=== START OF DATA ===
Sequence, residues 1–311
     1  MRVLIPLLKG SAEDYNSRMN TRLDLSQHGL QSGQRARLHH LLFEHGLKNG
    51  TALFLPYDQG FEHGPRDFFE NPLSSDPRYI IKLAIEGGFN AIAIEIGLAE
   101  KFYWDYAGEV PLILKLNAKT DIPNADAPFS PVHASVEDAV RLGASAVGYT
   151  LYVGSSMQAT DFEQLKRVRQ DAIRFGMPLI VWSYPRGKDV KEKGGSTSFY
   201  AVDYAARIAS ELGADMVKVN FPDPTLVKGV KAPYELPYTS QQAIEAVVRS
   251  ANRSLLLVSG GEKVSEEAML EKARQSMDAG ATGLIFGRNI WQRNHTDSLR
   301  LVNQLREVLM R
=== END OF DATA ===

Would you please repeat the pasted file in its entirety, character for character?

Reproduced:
Sequence, residues 1–311
     1  MRVLIPLLKG SAEDYNSRMN TRLDLSQHGL QSGQRARLHH LLFEHGLKNG
    51  TALFLPYDQG FEHGPRDFFE NPLSSDPRYI IKLAIEGGFN AIAIEIGLAE
   101  KFYWDYAGEV PLILKLNAKT DIPNADAPFS PVHASVEDAV RLGASAVGYT
   151  LYVGSSMQAT DFEQLKRVRQ DAIRFGMPLI VWSYPRGKDV KEKGGSTSFY
   201  AVDYAARIAS ELGADMVKVN FPDPTLVKGV KAPYELPYTS QQAIEAVVRS
   251  ANRSLLLVSG GEKVSEEAML EKARQSMDAG ATGLIFGRNI WQRNHTDSLR
   301  LVNQLREVLM R